So that leaves the Conservatives and the Liberals possibly looking for new leaders within the next year.  I think that probably the best possible situation for politics in Ottawa.  Getting rid of the current crop of leaders, especially the leaders of the two major parties could make a world of difference in improving the partisan bickering between the parties.  It will give the membership of both parties a chance to show that the status quo is not acceptable.  Both parties will be given a chance to pick a leader who is willing to work with others in order produce results that benefit all Canadians.

And what about Jack Layton and Gilles Duceppe?  The NDP are still light years away from becoming a party that the voters trust to govern, regardless of whether or not Layton is leader.  The NDP can be trusted to oppose  whoever wins any election, because that’s what they do.  They have a long track record of opposing bills before reading them, and a short track record of compromise.  And of course the Bloc will happily extort money for Quebec no matter who is in charge.

Update on the Local Campaign

Tonight was the local candidates’ debate for Whitby-Oshawa, so I went in hopes of helping me decide who to vote for.  In general, it was almost as big of a waste of time as the leaders debate.  I say almost because I now have a slightly better idea of what the individual candidates stand for in the riding.

The debate was hosted by the Whitby Chamber of Commerce, and the questions asked were a mixture of questions placed by the Chamber, and those asked by the audience.  It was pretty obvious which questions from the Chamber, since they were invariably long-winded, and related to business and corporate policies.  It was also pretty clear as to the answer the Chamber was looking for when they asked the questions.  The candidates weren’t generally swayed by the leading questions and stuck to their talking points.  The questions from the audience were varied between clear partisan shots to actual requests for policy information, but there wasn’t really anything too shocking said by any of the candidates.

Unfortunately for everyone, there seemed to be too many partisan supporters in the audience, to the point where we had to wait between every question for the applause to die down.  I think it would have been much better if the same rules were applied to the leaders debate, where the audience was asked not to shout anything, or clap between responses in order to better get through the questions.  There was even one particularly obnoxious (I’m assuming) Liberal supporter that would shout out approval to Liberal and NDP catch-phrases, and heckled Jim Flaherty at a few points.  Thankfully, someone eventually quieted him down a bit and we didn’t hear from him after the first couple questions.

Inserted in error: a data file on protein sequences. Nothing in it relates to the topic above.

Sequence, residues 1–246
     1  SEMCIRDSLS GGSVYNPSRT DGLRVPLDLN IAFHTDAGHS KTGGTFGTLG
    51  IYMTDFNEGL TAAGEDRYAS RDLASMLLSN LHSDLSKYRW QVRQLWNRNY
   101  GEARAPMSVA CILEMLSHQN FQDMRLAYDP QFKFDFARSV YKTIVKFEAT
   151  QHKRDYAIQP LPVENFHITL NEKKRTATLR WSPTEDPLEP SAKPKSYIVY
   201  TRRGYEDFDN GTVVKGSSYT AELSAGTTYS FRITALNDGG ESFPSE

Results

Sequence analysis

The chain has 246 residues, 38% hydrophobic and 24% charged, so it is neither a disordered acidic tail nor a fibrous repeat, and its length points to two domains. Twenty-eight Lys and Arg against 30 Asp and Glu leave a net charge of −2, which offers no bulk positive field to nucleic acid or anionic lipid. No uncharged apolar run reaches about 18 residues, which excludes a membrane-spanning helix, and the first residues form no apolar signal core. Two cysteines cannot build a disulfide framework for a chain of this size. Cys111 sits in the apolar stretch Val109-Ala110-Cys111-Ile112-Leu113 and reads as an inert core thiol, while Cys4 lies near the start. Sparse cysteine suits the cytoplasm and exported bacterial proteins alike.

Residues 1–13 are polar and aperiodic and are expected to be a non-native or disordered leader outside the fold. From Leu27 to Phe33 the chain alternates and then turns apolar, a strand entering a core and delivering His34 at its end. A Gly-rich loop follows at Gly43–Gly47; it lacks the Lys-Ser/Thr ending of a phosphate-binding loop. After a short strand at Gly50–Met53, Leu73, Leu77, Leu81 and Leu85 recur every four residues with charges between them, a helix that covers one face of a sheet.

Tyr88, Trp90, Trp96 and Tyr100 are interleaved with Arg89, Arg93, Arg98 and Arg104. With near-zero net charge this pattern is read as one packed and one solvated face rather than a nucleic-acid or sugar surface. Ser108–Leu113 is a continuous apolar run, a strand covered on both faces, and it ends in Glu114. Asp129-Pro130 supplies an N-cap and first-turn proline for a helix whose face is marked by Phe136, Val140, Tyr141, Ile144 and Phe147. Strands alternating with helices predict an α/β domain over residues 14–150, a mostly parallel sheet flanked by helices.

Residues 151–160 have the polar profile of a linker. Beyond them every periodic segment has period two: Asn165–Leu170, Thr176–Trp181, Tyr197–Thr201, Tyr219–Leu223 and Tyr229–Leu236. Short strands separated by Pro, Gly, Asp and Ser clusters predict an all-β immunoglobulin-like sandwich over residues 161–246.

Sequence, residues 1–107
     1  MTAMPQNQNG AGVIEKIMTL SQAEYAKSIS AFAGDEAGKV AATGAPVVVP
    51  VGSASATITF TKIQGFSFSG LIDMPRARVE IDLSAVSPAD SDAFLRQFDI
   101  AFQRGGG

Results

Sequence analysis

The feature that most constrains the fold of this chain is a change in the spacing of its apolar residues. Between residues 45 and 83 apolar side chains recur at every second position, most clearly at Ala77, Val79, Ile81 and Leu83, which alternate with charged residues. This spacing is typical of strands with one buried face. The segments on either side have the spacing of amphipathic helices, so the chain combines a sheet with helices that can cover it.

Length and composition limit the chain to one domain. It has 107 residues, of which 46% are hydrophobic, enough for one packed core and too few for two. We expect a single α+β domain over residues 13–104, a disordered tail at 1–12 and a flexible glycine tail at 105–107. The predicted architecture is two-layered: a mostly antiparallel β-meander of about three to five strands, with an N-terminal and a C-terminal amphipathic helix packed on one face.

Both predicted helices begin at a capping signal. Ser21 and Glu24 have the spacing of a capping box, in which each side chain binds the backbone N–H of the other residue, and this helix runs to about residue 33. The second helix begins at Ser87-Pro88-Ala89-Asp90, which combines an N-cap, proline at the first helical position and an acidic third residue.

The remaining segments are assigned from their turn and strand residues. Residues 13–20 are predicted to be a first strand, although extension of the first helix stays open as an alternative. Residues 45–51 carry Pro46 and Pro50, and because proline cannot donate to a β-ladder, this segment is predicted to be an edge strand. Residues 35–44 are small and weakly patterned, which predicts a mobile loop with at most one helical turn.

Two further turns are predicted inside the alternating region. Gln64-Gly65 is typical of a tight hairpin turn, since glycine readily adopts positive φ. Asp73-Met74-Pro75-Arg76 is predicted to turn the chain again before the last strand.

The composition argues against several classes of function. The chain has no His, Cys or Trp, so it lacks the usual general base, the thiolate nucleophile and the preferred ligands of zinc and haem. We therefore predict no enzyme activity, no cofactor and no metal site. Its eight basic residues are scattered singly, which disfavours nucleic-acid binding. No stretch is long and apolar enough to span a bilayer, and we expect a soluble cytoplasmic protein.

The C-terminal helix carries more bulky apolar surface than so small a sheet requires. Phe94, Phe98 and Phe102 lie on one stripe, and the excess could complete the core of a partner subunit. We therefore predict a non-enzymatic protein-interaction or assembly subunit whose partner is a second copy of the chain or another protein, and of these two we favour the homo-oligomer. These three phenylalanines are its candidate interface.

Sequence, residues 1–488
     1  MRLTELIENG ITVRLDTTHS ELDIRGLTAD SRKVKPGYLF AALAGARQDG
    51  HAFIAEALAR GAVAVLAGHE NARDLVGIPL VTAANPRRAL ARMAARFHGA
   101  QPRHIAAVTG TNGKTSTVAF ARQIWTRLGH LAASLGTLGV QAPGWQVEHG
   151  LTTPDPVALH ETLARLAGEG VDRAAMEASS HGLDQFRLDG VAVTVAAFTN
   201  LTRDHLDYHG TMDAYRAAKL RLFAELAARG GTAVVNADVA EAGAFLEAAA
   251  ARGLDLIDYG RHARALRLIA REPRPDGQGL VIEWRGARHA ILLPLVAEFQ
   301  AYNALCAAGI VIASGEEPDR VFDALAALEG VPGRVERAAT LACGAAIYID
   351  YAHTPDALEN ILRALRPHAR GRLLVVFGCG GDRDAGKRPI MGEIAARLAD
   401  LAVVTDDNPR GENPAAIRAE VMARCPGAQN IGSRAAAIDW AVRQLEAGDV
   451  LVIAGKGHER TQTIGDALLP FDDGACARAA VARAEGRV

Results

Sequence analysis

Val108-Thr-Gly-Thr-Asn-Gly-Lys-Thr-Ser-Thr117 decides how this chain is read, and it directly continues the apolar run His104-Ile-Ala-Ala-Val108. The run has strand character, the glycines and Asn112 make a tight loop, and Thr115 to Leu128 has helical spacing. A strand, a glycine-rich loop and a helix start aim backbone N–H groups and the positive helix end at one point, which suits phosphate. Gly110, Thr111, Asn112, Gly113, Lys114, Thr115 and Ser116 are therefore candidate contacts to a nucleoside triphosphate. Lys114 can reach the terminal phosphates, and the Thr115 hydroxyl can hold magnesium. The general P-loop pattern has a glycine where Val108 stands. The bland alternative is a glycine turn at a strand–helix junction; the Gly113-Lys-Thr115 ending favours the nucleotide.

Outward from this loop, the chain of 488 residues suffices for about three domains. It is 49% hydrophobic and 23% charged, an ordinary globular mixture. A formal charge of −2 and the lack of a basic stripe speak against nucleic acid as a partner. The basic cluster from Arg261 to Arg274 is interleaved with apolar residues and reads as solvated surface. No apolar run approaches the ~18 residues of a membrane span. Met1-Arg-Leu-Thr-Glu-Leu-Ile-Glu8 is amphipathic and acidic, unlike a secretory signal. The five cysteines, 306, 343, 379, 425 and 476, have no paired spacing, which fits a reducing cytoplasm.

On the plus side, the moderator were very good at keeping the candidates to their time, although that was probably helped by the fact that candidates were threatened with a muted microphone if they ran over their alloted time.

Overall, Jim Flaherty (Conservative) knew his stuff.  He has been in government for a very long time, so it’s not at all surprising how well he understands any topic that they threw at him.  There wasn’t much back-and-forth between the candidates, but he made sure he had a rebuttal for pretty much any time another candidate made an accusation against Flaherty or Conservative policy.  He also made sure that any time one of the other candidates made a promise that had actual barriers to implementation (such as not being able to expand the CPP without approval of the provinces), he made sure that those barriers were addressed, and not glossed over.  He made a point to address all of the good things that he has done for Durham Region and for Canada, including the controversial decision for bail out General Motors, which is a major employer in the region.  While he was the most well-spoken candidate, he should be, since he has been a politician for so long.  But he still suffers from all of the same criticisms of the Conservative Party, and he does receive a large share of the blame for its actions (or credit, if you are a supporter)